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Publication numberUS3925803 A
Publication typeGrant
Publication dateDec 9, 1975
Filing dateJul 12, 1973
Priority dateJul 13, 1972
Also published asCA984975A1, DE2335503A1
Publication numberUS 3925803 A, US 3925803A, US-A-3925803, US3925803 A, US3925803A
InventorsIsamu Kobayashi
Original AssigneeSony Corp
Export CitationBiBTeX, EndNote, RefMan
External Links: USPTO, USPTO Assignment, Espacenet
Oriented polycrystal jfet
US 3925803 A
A junction field effect transistor in which the source and drain electrodes are connected by a large number of exceedingly slender rod-shaped semiconductor crystals grown side by side parallel to each other and each having an outer sheath of opposite conductivity semiconductor material. Each crystal and its sheath have a P-N junction between them and all of the sheaths are connected together to a gate terminal. Application of a gate voltage to this terminal causes a depletion layer within each rod-shaped crystal to constrict the charge-carrying path through the crystal to an extent determined by the magnitude of the gate voltage. The rod-shaped crystals are grown in such a way that individual rod-shaped crystals are formed rather than a single crystal of large area.
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Description  (OCR text may contain errors)

United States Patent 1191 [1 11 3,925,803

Kobayashi Dec. 9, 1975 ORIENTED POLYCRYSTAL JFET 3,442,823 5/1969 Mueller et al. 317/235 AT Inventor: I u o yashi Yokohama, Japan 3,624,467 11/1971 Bean et al. 317/235 AT [73] Assignee: Sony Corporation, Tokyo, Japan Primary Examiner-William D. Larkins j 'Attorney, Agent, or FirmLewis H. Eslinger; Alvin [22] Filed. July 12, 1 973 Sinderbrand I [21] Appl. No.: 378,449 r [57] ABSTRACT 30 Foreign Application priority Data A junction field effect transistor in which the source Jul 13 1972 Ja an 473/0225, and dram electrodes are connected by a large number y p of exceedingly slender rod-shaped semiconductor crystals grown side by side parallel to each other and [52] 4 57 3 each having an outer sheath of opposite conductivity 51 1m. 01. H01L 21/36s-H01L 29/80 semiwnducto. material Each and its Sheath 58 Field ofSearch.... 317/235 A 235 AT' 357/22 have a Junctim between them and l of the 357/59 sheaths are connected together to a gate terminal. Application of a gate voltage to this terminal causes a depletion layer within each rod-shaped crystal to con- [56] References cued strict the charge-carrying path through the crystal to UNITED STATES PATENTS an extent determined by the magnitude of the gate 2,954,307 9/1960 Shockley 317/235 A voltage, The rod-shaped crystals are grown in such 3, 2,979,427 4/1961 Shockley 317/235 A way that i i i i-Od shaped crystals are f d 212212: 21:22: 1:11:31; 3121:222 raraar rrar a arraa ar raraa 3,332,810 7/1967 Kamura 317/235 AT 6 Claims, 17 Drawing Figures f I l O v N 7 P f A t /3 US. Patent Dec. 9, 1975 Sheet 2 of 3 3,925,803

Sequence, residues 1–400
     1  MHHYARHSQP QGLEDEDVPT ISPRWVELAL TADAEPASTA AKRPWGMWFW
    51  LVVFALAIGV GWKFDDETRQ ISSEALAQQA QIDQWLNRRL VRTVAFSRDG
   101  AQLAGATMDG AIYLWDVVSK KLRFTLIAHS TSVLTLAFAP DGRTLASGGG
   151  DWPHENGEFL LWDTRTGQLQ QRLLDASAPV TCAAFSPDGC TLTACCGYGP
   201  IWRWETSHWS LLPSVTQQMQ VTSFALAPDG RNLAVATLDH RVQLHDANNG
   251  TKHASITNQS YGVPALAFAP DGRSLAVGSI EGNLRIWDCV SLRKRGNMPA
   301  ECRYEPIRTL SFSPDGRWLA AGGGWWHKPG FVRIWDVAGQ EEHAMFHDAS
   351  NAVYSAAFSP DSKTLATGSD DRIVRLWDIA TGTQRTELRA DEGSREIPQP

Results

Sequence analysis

1. Field of the Invention This invention relates to a semiconductor device and I particularly to a device fabricated by utlizing polycrystal growing techniques.

2. Description of the Prior Art Multichannel field effect transistors, first proposed by Shockley as analogue transistors, are described in detail by Zuleeg in Solid-State Electronics (1967), Volume 10, pp. 559-576. As described in that publication, the multichannel field effect transistor has many -advantages..An important advantage is that it is capable of handling relatively high power. Another is that it has a high transconductance.

I-Iowever,the multichannel field effect transistor as described by Zuleeg requires photographic formation of a large number of fine channels, which are difficult to produce. As a result, the device is rather large and is not suitable for construction as part of an integrated circuit. Thus, some of the theoretical advantages are not realized in practice.

It is therefore one of the objects of the present invention-to provide an improved multichannel field effect transistor and an improved method of constructing the same.

'Another object is to provide a multichannel field effect transistor having finer channels than can be produced'by photographic techniques.

"A furtherobject ofthe invention is to provide a mu]- tichannel field effect transistorin which the channels lendthemse'lves better to constriction of movement of charge carriers, thus resulting in a high transconductance.

Further objects will become apparent after studying the following specification together with the drawings.

2 SUMMARY OF THE INVENTION In accordance with the present invention, the technique of producing polycrystals is used to grow a large number of fine channels in'a bundle suitable for use as a field effect transistor. The fine channels are actually rod-shaped single crystals grown on a substrate by a yapor growth method. Source and drain electrodes are formed at opposite ends of the channels, and opposite conductivity material is diffusedinto the bundle of rodshaped crystals to form a sheath for eachrod in order to create a P-N junction along each rod. A gate connection is made to all of the sheaths so that a suitable gate voltage will create a depletion layer in each rod to constrict the longitudinal charge-carrying path through each rod'from source to drain. The resulting structures can also be used as variable resistors and variable capacitors in addition to their normal use as multichannel field effect junction type transistors.